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|A CurtainUp Review
A Phoenix Too Frequent
By Les Gutman
Christopher Fry is a 20th Century British playwright whose affection for antiquity has drawn him to everything from Arthurian legends to Bible tales. Best remembered for The Lady's Not for Burning, most of his plays are written in verse. The story on which A Phoenix Too Frequent is based is credited to the arbiter of good taste to the court of the Emperor Nero, Petronius.
It's quite a faithful retelling. A grief-stricken Dynamene (Michi Barall) is at the tomb of her recently-deceased husband with her faithful maid, Doto (Mia Katigbak). Dynamene misses her husband so much she has resolved to join him sooner by starving herself to death. Doto starves too, in sympathy and for "her own grief." Nearby, Tegeus (Joel Carino) is guarding six bodies hanging from nearby trees lest their families steal them away for proper burial. Hearing moaning and groaning, he enters the tomb. While admiring the beautiful Dynamene, Tegeus offers Doto something to eat and drink. After resistance, she agrees to have a "smell" of the wine. Soon, she is drunk and passed out.
Meanwhile, Dynamane wakes up and (cutting to the chase) falls in love with Tegeus, whom she renames Chromis (for reasons that would probably have been clearer in ancient Greece). Chromis returns to his post to discover one of the bodies is gone. This is a lapse for which he will surely lose his own life so he decides to take it himself. Dynamene can't stand the thought of mourning two men she loves simultaneously so she cooks up a plan: her dead husband can save her lover's life; his corpse is exhumed and substituted for the missing one on the tree.
One's appreciation for all of this is dependent on one's patience with this sort of relic. Several things aid the effort, but it remains, at times, slow going. Fry curiously dots his poetry with anachronisms and a sort of wry humor (the comic Doto, as an example, has "one for the road", and Stephen Stout's direction gives the production its own hints of contemporary resonance. It also looks terrific: Elly van Horne's precise peach-hued costumes, against the gray classically-impressive steps Sarah Lambert has designed, both viewed in Stephen Petrilli's shadowy light. Most of all, the three actors have a command of Fry's sometimes difficult language that permits it to be delivered in a clear and generally unstilted manner. We've come to expect this high standard of performance from NAATCO, and they don't let us down.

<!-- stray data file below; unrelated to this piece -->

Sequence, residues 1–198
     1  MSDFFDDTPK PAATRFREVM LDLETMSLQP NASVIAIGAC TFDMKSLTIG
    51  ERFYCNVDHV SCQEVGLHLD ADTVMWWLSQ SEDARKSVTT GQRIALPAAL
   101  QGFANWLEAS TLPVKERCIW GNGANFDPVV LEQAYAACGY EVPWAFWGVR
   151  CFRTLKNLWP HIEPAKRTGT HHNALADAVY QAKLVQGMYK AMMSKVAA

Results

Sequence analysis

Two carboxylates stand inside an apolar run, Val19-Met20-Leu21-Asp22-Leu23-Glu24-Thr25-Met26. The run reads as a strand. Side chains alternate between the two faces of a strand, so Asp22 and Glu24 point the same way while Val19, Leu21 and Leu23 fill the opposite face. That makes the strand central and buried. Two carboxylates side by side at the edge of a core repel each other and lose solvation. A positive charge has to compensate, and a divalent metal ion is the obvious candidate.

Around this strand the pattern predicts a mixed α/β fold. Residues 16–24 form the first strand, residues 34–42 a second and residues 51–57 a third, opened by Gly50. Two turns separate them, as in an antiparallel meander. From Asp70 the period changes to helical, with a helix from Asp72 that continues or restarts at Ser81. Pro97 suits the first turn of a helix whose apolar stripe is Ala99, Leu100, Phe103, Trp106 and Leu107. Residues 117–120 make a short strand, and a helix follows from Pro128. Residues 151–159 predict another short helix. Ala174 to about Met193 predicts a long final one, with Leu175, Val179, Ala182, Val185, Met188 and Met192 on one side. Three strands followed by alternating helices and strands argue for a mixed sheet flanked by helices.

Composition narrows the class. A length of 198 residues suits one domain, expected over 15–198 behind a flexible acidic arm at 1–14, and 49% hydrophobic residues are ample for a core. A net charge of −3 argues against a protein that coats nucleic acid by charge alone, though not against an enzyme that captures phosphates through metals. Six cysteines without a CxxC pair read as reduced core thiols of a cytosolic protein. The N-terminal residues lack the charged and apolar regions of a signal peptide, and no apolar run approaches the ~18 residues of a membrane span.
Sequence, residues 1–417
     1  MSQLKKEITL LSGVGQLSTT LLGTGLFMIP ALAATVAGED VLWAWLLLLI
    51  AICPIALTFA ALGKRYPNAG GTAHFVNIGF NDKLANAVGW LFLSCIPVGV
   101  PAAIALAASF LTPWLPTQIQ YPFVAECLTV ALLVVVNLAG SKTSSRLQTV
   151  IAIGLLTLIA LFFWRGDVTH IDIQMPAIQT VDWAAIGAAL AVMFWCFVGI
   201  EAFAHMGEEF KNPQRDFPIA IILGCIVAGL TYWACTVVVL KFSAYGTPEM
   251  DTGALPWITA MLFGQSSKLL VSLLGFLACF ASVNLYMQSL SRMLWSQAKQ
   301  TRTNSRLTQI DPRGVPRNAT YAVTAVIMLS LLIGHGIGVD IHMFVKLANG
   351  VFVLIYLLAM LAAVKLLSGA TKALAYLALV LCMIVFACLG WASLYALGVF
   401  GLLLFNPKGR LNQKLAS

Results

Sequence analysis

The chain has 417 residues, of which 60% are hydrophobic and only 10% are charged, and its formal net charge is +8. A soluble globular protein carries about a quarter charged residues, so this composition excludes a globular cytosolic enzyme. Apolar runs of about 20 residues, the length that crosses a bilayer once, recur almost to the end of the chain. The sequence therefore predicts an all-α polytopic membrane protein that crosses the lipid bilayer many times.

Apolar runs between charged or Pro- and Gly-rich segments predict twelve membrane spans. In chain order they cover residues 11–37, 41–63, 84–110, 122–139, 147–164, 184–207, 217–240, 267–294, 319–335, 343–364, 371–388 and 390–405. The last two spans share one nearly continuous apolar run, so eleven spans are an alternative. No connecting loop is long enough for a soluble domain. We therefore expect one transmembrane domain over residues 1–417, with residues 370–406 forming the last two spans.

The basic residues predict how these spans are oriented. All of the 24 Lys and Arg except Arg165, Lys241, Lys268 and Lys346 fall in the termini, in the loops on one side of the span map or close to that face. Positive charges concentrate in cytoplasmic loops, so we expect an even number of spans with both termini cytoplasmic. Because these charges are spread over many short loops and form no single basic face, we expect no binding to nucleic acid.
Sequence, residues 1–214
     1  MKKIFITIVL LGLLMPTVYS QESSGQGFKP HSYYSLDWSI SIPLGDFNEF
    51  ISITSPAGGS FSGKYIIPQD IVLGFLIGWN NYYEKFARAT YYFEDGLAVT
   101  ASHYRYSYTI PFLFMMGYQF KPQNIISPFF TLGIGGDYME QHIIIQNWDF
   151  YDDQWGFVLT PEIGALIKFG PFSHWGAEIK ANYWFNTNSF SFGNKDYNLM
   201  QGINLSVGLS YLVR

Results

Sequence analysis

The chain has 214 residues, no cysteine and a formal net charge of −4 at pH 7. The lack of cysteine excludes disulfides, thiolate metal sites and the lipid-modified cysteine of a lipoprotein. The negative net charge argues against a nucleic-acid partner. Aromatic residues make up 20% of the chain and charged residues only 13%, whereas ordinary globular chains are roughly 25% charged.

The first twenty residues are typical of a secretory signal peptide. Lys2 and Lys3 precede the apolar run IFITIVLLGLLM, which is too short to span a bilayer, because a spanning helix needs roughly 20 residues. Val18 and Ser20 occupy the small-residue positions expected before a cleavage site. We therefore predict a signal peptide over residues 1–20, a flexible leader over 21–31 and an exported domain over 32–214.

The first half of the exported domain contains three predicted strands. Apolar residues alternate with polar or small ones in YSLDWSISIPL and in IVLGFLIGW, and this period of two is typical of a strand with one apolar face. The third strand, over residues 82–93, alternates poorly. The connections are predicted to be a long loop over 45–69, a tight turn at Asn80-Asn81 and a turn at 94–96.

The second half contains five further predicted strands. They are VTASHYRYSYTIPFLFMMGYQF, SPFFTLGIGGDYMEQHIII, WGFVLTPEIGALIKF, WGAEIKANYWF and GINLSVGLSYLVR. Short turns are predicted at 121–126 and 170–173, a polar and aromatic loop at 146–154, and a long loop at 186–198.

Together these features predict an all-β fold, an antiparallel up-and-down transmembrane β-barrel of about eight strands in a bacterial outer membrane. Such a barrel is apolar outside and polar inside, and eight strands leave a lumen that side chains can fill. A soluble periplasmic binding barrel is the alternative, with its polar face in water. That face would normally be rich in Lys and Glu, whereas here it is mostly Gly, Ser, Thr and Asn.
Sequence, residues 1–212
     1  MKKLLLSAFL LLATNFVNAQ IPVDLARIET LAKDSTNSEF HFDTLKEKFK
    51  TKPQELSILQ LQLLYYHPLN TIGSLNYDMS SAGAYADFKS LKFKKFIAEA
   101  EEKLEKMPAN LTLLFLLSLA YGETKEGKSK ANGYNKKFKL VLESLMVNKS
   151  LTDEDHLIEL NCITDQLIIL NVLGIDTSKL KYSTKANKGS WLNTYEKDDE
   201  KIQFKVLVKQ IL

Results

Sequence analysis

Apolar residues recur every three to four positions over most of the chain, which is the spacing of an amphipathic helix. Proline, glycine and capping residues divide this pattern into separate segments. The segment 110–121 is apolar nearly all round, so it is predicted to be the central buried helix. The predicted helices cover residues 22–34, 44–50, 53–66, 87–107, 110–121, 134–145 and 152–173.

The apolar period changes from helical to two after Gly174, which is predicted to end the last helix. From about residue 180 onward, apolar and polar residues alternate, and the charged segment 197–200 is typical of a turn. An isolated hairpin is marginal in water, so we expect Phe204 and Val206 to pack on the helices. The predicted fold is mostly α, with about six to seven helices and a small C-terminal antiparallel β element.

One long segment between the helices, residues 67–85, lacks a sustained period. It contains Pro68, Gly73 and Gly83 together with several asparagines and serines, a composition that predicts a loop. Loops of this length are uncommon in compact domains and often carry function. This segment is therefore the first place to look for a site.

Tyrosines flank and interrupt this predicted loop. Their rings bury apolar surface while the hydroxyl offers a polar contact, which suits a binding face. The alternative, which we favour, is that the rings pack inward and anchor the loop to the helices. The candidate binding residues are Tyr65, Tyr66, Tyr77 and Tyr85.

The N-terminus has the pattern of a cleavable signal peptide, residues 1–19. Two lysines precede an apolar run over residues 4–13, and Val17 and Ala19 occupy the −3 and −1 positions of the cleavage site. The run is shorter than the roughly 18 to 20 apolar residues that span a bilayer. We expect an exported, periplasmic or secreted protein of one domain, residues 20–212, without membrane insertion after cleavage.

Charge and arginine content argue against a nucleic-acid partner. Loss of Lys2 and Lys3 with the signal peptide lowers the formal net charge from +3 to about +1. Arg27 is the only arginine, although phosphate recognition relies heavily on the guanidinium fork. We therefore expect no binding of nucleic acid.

Ms. Barall, the only newcomer to NAATCO, brings a perfect willowy quality to Dynamene that permits her to shift from sufferer to survivor. The engaging Carino telegraphs a romantic combination of energy and restraint. But from NAATCO's co-founder Mia Katigbak comes the evening's biggest surprise, an exuberant, largely comic portrayal that, although not stealing the show, certainly juices it up. It's hard to watch these three together onstage and not engage in a bit of imaginary casting of Romeo and Juliet.
As a curtain-raiser, NAATCO offers the odd pairing of James Saito delivering Chekhov's comic "lecture." As hapless as unhappy, the man strays into a variety of topics, successfully avoiding the one in the title, which had been commanded by his overbearing wife. Saito manages to find all of the character's discomfort, and to convey his physical idiosyncrasies as well.